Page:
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“Everyone needs help from everyone,” the great leftist playwright Bertolt Brecht once said. He knew. With the help of friends and political sympathizers, he escaped the Nazis, eventually landing in the United States. Then he had to flee the Red Scare in the U.S., eventually returning to Germany after the war, where he tried to build a better society out of the ashes of the one he’d fled.
I’ve been thinking of him and many other musicians and writers in this charged period. The songs, photos, poems forged in struggle that are racing through social media, the deaths of Leonard Cohen and Leon Russell, Kate McKinnon-as-Hillary Clinton’s unexpectedly moving rendition of Cohen’s "Hallelujah" -- they’ve all left me vibrating and electric.
Music, mourning and mobilizing so often merge.
“Art is not a mirror with which to reflect reality, but a hammer with which to shape it."Bertolt Brecht
For all of the “move to Canada” talk that I’ve heard and engaged in myself, it’s clear that at least today, more of us are responding with fight than with flight. In the wake of Donald Trump’s victory, I am frantic to act, to do something. Everyone I know — because yes, I freely confess that most of my friends and even colleagues shared the same assumptions and hopes regarding this election — is feeling and doing the same. They’re making donations to Planned Parenthood (in finger-flipping “honor” of Mike Pence) or the ACLU, affixing safety pins to their jackets, joining what are becoming nightly protests against Trump’s election, writing letters to the mayor and city council about retaining sanctuary city status for their town, and volunteering at organizations that serve immigrants. Buzz about the Million Woman March is surging through my extended network of friends of 45 years and acquaintances of four months.
That bias for action, however impetuous, is great. And so is our hunger for songs and poems to serve as vessels to contain and transmit our overflowing feelings.
“Art is not a mirror with which to reflect reality, but a hammer with which to shape it,” Brecht also said. When Bob Dylan sang "The line it is drawn, the curse it is cast. The slowest now will later be fast, as the present now, will later be past," he infused an entire generation with the nutrients we needed to tirelessly, doggedly build a movement that could, that eventually did, effect some real change.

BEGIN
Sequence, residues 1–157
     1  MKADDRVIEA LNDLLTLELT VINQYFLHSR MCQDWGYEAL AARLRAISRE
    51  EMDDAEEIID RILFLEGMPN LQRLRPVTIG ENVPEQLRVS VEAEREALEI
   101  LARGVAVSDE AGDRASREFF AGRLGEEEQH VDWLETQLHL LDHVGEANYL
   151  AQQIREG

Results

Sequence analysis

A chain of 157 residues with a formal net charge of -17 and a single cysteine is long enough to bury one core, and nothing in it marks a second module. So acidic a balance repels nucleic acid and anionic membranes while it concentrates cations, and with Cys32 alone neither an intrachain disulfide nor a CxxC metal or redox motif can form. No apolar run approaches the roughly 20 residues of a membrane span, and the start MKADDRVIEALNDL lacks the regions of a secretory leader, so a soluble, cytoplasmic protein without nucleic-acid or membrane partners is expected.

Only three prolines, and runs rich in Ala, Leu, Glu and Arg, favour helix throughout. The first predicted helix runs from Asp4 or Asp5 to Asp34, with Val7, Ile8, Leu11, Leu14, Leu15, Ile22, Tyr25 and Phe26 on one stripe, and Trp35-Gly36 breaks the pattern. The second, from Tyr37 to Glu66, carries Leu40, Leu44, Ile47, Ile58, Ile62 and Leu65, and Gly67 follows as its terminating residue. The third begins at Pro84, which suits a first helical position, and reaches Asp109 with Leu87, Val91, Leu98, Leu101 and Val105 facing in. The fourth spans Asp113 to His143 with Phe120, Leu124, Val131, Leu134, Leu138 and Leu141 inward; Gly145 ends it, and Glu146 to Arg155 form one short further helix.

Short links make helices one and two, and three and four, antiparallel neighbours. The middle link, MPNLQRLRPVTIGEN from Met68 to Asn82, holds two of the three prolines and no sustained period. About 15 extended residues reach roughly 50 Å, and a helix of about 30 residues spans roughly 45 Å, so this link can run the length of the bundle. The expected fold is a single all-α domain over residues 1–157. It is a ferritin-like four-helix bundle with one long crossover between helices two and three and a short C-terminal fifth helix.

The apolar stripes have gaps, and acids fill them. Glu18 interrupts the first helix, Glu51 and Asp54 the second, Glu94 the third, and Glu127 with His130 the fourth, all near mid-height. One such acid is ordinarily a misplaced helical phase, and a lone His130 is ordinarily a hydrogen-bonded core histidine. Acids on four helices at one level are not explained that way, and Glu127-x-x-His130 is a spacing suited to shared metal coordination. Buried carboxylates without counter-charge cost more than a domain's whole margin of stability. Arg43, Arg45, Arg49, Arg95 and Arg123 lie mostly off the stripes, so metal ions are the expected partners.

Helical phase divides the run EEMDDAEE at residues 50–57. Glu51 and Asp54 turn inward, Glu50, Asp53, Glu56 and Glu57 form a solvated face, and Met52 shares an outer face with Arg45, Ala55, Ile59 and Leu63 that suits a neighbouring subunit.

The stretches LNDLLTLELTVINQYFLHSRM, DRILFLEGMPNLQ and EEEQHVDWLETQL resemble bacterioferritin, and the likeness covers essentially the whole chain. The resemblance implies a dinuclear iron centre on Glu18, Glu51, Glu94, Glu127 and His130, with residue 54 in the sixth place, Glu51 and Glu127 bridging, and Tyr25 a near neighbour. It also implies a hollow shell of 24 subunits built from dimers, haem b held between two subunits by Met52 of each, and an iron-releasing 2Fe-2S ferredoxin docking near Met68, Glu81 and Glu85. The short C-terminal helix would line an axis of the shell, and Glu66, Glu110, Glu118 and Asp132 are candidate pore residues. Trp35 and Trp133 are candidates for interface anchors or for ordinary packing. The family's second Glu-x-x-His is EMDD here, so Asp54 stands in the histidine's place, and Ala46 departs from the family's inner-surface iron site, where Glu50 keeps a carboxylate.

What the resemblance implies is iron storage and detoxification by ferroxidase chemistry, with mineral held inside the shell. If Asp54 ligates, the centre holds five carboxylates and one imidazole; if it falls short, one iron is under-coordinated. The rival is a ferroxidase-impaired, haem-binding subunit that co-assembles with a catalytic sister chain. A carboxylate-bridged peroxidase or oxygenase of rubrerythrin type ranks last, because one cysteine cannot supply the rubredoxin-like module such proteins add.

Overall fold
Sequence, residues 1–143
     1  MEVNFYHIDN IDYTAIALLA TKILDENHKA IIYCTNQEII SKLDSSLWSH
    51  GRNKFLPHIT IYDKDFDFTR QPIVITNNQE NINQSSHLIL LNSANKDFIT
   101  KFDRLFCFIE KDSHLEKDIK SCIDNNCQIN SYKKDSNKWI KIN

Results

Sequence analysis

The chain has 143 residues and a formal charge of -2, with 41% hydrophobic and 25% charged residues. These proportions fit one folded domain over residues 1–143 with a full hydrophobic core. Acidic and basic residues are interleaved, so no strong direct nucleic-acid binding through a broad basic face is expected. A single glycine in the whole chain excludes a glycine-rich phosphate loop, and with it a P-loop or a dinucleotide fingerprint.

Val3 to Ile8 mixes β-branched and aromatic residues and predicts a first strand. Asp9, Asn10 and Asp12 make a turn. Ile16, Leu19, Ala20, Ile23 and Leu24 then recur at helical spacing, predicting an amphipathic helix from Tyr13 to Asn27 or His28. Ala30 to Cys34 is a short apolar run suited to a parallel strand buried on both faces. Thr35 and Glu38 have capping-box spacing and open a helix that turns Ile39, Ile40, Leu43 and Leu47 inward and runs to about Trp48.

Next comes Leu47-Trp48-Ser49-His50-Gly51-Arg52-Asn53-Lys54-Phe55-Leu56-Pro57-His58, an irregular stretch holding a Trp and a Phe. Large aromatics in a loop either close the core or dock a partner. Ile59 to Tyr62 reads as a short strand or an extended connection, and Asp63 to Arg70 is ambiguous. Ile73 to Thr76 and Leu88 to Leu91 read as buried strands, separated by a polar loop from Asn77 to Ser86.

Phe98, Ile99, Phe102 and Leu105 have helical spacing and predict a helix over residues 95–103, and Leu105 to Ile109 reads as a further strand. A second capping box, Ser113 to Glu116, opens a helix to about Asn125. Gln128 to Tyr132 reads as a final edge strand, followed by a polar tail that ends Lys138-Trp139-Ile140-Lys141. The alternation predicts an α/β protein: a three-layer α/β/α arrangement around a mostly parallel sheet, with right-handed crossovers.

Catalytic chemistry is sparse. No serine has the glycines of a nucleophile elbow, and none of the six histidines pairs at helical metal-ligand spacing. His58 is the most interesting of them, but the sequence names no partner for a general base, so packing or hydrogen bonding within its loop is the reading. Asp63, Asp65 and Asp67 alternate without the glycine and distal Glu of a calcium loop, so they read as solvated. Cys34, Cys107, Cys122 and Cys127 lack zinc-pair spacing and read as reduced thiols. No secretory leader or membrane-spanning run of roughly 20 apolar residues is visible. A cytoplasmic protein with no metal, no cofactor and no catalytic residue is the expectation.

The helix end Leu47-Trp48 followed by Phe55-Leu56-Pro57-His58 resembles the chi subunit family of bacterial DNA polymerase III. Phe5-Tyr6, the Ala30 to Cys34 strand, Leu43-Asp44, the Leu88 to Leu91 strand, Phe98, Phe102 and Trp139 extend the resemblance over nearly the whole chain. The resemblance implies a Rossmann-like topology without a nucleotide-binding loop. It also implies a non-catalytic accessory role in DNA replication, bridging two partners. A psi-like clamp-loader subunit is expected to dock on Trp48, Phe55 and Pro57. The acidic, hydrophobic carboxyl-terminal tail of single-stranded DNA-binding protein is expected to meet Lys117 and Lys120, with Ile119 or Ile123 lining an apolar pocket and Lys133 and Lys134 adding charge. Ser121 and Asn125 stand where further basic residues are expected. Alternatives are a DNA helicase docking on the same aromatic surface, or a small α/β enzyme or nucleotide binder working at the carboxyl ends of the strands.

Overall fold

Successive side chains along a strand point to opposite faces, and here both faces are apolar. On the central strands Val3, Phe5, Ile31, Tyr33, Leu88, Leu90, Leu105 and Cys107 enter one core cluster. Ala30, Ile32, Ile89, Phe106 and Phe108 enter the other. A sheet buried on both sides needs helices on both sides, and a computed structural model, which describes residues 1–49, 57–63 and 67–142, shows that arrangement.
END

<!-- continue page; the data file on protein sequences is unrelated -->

In a recent NPR interview, singer Norah Jones talked about listening to the 1971 song by Les McCann and Eddie Harris, "Compared to What." Irresistibly driven by funk and fury, the song was a defiant litany of all that was wrong with the state of the world. She used to put it on her record player, feel angry, and dance.
Anger and joy — fueled by music — were inextricable. Both made you get up on your feet and move. And both have once again infected the body politic with an intensity I’ve not seen in decades. Since the election, currents of rage, bafflement, fear and determination have been sparking from friend to friend, between colleagues who never would have dared discuss politics before.
Anger and joy -- fueled by music -- were inextricable. Both made you get up on your feet and move. And both have once again infected the body politic with an intensity I’ve not seen in decades.
I participated in my first anti-war march in 1967 and helped to organize one for the first time — a small but spirited affair in Pittsfield, Massachusetts — in 1968. I was at a cooperative work/summer camp that year, where, in my mind’s eye, we were dancing when we weren’t organizing. We’d shout with The Chambers Brothers — "Time, time, time" -- our voices fusing and frenzied, delirious with possibility. Then we’d close out the night with The Doors, and as Ray Manzarek’s organ squeezed out the notes, we’d belt out the words: "We want the world and we want it … Now."
I share these memories not as an exercise in nostalgia, but because now it’s my children’s generation that wants the world despite the shambles we’ve made of it. Their anthems — by musicians like Kendrick Lamar, Janelle Monae, and many others — are largely unfamiliar to me. But the urge, the physical need to gather, to feel the potential of their massed bodies and melded voices — that I know well.
Older, slower, and certainly more scared, I nonetheless feel compelled to join them. And I do it with the kind of hope described by Václav Havel, another playwright who tried to bring his ideals to life not just on the stage, but in the world: “Hope is definitely not the same thing as optimism. It is not the conviction that something will turn out well, but the certainty that something makes sense, regardless of how it turns out.”
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